For the 10-pF capacitive-input probe (with a six-inch ground wire), as the drive impedance drops below 100 Ω, the probe develops a nasty resonance at about 110 MHz. This resonance is right in the heart of digital territory, and is the primary reason why ground wires are not used in conjunction with 10-pF style probes when attempting to make accurate measurements.

The resonance in the 1-pF FET-input probe (with a six-inch ground wire) becomes evident at an even higher impedance level, which is a worse problem for low-impedance digital circuits. The resonance in FET-input probes begins developing at a drive impedance of 300 Ω, but fortunately it is shifted up to about 350 MHz. You won't notice it unless your circuit rise-fall times are 3 nS or faster.

The resistive-input probe (with a six-inch ground wire) doesn't have a resonance. It's first-order circuit parameters form an R-L network, which doesn't ring. To first order, this circuit is always damped. That's one of the nice things about it: a resistive-input probe is less susceptible to ground wire length than any other probe style.

Figure 5 shows how this information translates into the time domain. In figure 5, we show the same signal, measured four different ways. The probes were applied one at a time, and the results stored, scaled and time-shifted to fit the display. In the figure, all four waveforms clearly show a 37-MHz clock. If that's all the detail you need, then the waveforms are essentially identical. If, on the other hand, you have been chasing glitchy bus ringing problems and need to quantify the undershoot , the differences are substantial.

Figure 5—Effect of ground wire on three probe styles

The top trace was taken using the FET probe, with no ground wire. In the absence of a ground wire (that is, with the shiny metal probe ground barrel directly connected to the PCB ground using a wire not longer than 0.100"), all three probes gave the same result. In that sense they all performed reasonably well (except for the 200-pS timing shift noted above under "probe loading"). Since they are all practically the same, only one, non-ground-wire picture is shown.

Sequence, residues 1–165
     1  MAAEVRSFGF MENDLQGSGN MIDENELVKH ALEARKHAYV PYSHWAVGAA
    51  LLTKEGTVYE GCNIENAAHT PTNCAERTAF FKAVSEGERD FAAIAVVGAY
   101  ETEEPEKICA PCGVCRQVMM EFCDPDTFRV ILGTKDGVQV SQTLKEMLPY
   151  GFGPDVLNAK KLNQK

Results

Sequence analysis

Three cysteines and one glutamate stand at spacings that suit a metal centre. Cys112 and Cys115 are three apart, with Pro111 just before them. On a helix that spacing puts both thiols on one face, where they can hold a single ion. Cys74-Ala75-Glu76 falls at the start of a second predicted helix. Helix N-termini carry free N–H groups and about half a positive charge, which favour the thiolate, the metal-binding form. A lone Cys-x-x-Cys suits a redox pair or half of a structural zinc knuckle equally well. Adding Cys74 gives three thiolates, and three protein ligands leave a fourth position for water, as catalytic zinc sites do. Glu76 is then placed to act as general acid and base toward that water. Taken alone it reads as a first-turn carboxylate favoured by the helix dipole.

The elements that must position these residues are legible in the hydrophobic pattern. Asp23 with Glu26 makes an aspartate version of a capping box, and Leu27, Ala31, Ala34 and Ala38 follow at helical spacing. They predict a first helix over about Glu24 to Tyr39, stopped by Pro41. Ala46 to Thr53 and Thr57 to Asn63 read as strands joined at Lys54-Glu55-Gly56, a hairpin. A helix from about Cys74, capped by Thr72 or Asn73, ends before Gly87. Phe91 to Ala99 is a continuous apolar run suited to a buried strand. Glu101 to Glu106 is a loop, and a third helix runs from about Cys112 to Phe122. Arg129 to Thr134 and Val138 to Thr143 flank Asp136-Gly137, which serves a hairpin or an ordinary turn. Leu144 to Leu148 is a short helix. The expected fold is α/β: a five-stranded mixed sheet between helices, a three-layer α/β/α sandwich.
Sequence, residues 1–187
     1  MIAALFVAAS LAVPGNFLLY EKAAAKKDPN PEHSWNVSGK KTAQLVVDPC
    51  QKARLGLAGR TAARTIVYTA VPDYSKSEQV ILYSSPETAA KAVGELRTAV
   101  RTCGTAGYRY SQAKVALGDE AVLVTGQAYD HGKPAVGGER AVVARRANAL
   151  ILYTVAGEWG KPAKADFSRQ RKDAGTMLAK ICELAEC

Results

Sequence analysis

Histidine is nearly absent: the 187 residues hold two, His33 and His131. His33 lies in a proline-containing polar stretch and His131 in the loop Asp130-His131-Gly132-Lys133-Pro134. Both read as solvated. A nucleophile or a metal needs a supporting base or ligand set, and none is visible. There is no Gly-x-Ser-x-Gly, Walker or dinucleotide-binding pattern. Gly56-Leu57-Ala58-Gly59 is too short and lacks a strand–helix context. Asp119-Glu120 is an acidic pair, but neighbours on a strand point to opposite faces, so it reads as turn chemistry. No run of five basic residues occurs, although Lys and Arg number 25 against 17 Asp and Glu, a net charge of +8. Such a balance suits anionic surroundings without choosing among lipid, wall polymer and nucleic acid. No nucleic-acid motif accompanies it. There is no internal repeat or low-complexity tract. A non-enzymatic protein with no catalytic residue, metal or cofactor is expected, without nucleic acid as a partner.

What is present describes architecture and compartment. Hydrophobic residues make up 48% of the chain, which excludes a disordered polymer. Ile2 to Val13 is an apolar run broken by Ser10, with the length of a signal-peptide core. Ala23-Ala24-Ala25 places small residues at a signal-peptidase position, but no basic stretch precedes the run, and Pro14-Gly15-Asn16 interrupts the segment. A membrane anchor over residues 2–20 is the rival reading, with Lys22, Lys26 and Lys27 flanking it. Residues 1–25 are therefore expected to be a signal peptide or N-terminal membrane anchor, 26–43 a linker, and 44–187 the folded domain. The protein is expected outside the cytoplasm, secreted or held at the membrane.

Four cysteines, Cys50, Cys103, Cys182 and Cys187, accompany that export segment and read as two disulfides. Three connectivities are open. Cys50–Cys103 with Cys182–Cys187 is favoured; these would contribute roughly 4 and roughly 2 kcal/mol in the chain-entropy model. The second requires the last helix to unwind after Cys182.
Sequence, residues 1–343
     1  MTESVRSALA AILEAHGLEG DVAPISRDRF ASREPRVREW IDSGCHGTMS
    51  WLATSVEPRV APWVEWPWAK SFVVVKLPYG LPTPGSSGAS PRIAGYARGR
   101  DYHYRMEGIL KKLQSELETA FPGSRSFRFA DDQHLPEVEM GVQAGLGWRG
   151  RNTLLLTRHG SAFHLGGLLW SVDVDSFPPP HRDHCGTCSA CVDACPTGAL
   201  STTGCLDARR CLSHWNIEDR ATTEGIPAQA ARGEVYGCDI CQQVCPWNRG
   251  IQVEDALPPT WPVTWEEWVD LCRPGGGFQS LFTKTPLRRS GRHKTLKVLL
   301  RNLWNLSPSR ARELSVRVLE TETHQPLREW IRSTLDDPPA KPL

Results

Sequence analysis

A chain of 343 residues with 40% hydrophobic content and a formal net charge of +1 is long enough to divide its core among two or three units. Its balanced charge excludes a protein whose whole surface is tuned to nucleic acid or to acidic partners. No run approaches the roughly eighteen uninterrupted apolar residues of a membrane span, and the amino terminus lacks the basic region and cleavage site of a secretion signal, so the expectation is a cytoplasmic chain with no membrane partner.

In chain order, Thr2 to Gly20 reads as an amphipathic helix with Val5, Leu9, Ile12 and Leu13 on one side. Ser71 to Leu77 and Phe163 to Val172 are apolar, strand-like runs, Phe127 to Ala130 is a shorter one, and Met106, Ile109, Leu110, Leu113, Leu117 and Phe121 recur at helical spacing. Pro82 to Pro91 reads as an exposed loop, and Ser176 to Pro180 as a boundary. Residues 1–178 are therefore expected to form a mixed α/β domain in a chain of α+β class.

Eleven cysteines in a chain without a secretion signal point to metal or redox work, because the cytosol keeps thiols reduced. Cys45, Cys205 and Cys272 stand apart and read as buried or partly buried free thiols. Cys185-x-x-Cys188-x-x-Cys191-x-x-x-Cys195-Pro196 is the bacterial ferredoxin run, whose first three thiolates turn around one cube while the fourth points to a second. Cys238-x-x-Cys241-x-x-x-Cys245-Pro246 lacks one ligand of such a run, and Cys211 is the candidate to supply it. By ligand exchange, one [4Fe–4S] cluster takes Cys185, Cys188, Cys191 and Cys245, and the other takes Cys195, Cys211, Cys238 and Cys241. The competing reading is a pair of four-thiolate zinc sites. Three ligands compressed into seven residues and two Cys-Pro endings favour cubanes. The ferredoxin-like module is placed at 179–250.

The bottom trace shows a capacitive-input style probe with a six inch ground wire, rated at 8-pF and 500 MHz. This configuration has a resonance at 125 MHz, which shows up clearly in the figure as an 8-nS ripple. With a 6" ground wire, this probe is not suitable for fast digital work.

The second trace from the top shows the FET probe with a 6" ground wire. The resonance in this case lies at about 350 MHz, which shows up as a noticeable, but smaller, 3-nS ripple.

The third trace from the top shows the resistive-input probe with a 6" ground wire. This probe is clearly the least sensitive to ground wire distortion.

When probing low-impedance circuits, the capacitive-input probe is highly sensitive to ground-wire length, an FET probe less so, and the resistive-input probe performs best of all.

How to Make A 1-KΩ Probe

The 1-KΩ resistive-input probe cheap, easily constructed, and remarkably effective up to 1-GHz. If you want to build some yourself, here are a few tips.

• For reasonable performance up to 1 GHz, use a 1-m piece of RG-174 cable for the connecting cable. Terminate the scope end of the cable with a BNC connector, and solder a 1/8-watt, 1000-ohm carbon-composition or carbon-film resistor to the center conductor of the sensing end. Dress the braid at the sensing end for soldering directly to the PCB ground plane.
• I have seen some engineers who like to solder a dozen or so resistive-input probes on a board, and then connect them to the scope in various combinations as needed. They like this approach because the probes stay put and can be operated hands-free. Alternately, you can adapt this probe for free-roving operation by tacking a solid ground wire onto the end of the RG-174 ground braid. A number of ground-wire attachments made for other probes can be adapted for use with a resistive-input probe. On the end of the 1K resistor, try applying the crimp-on center-conductor contact from a male BNC connector. It makes an excellent permanent plated tip. In this form, the shop-built probe works well up to 1 GHz.